Minjee Lee of Australia began to get more results for that beautiful swing. She won the LPGA Volvik Classic as her only tour victory, though she had nine other events among the top five. She also won the Vic Open in Australia, the one tournament where men and women play concurrently on the same course for the same prize money. She rose to No. 6 in the Rolex Rankings, and the Australian media awarded her the Greg Norman Medal for the best year by an Australian. She beat out Jason Day, who won twice on the PGA Tour in strong events.
Jiyai Shin, a former No. 1 player in the world, now resides and plays almost exclusively in Asia. She had five victories, four of them on the Japan LPGA Tour and once in Australia. Sun-Ju Ahn also won five times, all on the Japan LPGA Tour.

Bernhard Langer cleaned up again on the PGA Tour Champions, minus the sheer dominance the German marvel has exhibited in recent years. He had won seven times in 2017, including three majors. He had won four times in 2016, including two majors. He turned 61 in 2018, and it still didn’t matter. Langer ended the year winning the Charles Schwab Cup for the fourth time in the last five years, the object of every player on the 50-and-older circuit. It just didn’t seem like the dominant performance of seasons past. For one thing, Langer didn’t win until his ninth start on the PGA Tour Champions, and it was right after back-to-back playoff losses. He didn’t finish among the top 10 in the first three major championships until a runner-up finish at The Senior Open, where a closing 68 on the Old Course at St. Andrews left him one shot behind Miguel Angel Jimenez. But he was steady as ever. That’s Langer’s trademark.

He had six runner-up finishes, a career high since he became eligible for the Champions just over 10 years ago. He went over $2 million in earnings for the seventh consecutive season. Langer picked up another in the SAS Championship in North Carolina, and he had a runner-up finish in the Dominion Charity Classic to start the PGA Tour Champions’ version of postseason play. That was just enough to hang on to win the Schwab Cup in the final event, though he needed some help. Vijay Singh’s closing 61 at the Charles Schwab Cup Championship for the victory enabled Langer to claim the $1 million bonus. “At age 61 to do it is quite an achievement,” Langer said, holding a glass of red wine on the balcony at Phoenix Country Club. “Maybe there’s another in me.” Scott McCarron needed to win the final event for a Schwab Cup title, and he went into the final round with a one-shot lead, only to hit a shot out of bounds and then get run over by Singh.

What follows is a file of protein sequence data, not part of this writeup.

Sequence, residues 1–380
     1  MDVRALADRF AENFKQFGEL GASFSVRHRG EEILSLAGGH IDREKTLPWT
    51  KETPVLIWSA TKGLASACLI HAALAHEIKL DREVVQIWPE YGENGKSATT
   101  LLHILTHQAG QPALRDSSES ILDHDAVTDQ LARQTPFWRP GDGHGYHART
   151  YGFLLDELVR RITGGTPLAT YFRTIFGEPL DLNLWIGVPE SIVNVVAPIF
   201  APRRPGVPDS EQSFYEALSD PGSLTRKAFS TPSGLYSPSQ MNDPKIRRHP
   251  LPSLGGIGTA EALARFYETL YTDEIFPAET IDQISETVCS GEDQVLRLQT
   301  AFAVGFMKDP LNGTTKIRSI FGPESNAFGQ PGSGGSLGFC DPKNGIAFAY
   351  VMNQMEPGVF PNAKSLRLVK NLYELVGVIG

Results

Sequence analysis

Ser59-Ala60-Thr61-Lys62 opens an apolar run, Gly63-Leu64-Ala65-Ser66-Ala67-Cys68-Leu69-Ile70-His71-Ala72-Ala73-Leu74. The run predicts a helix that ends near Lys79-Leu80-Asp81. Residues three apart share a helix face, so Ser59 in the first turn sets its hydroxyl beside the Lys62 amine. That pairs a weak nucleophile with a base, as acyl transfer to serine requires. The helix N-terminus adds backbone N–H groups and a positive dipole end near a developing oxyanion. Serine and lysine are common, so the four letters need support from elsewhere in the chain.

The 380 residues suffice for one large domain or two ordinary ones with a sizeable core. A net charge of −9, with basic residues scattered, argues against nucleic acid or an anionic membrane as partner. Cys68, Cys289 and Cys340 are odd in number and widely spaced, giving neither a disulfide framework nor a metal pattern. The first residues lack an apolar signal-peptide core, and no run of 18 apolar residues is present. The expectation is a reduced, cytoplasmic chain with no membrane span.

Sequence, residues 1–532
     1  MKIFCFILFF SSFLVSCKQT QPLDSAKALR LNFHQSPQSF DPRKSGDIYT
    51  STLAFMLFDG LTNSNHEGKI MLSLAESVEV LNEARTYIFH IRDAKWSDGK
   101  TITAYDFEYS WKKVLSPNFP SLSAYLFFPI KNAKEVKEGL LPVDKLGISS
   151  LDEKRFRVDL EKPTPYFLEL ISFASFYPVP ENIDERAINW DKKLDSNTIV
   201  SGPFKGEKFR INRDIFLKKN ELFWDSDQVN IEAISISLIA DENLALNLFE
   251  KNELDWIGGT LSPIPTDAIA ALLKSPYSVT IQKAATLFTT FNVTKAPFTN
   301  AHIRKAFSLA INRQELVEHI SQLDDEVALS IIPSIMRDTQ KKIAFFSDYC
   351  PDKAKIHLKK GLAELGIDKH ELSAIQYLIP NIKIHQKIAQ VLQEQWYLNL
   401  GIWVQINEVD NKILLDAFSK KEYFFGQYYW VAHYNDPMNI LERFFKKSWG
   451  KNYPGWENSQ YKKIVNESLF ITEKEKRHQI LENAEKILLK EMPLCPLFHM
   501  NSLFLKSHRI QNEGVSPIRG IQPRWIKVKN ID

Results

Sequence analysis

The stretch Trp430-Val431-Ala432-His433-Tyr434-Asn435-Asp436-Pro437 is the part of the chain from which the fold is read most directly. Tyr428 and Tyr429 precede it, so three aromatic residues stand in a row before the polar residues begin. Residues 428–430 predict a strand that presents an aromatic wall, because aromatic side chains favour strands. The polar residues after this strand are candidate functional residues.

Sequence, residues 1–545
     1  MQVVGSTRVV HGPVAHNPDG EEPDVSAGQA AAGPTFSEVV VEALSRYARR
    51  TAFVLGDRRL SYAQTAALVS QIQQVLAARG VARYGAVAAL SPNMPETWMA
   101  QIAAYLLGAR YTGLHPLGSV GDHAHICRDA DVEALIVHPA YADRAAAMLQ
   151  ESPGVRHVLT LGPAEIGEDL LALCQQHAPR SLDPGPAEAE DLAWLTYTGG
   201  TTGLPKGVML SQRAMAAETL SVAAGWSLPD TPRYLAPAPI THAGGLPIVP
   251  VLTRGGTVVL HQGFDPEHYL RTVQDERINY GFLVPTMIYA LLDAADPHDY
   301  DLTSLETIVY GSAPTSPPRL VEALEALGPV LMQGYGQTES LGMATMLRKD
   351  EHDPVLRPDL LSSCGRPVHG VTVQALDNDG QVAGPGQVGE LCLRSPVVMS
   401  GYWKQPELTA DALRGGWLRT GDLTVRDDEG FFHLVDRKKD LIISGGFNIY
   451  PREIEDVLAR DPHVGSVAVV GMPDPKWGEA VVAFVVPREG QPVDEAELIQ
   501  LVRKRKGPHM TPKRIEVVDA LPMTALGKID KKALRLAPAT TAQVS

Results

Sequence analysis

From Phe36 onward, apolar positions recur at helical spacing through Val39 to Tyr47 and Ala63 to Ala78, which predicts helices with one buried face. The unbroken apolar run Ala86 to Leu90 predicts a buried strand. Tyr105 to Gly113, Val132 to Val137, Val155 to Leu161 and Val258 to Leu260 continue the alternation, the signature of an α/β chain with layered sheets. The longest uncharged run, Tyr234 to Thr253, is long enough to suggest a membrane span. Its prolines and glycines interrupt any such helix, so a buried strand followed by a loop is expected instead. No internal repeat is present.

McCarron had to settle for two victories in a year in which no one really stood out, except for Langer and his consistency. Jimenez won two majors at St. Andrews and the Regions Tradition, but not enough the rest of the year to overtake Langer. Paul Broadhurst won the Senior PGA Champion- ship for his third senior major, while David Toms won his first at the U.S. Senior Open and Singh got into the act with the Constellation Senior Players Championship. As for the Schwab Cup, it was the first year the tour changed its postseason points, after Kevin Sutherland won the final event in 2017 and overtook Langer and his supreme season. In 2018, the playoff events were double in value and accumulative, instead of a points reset for the final event.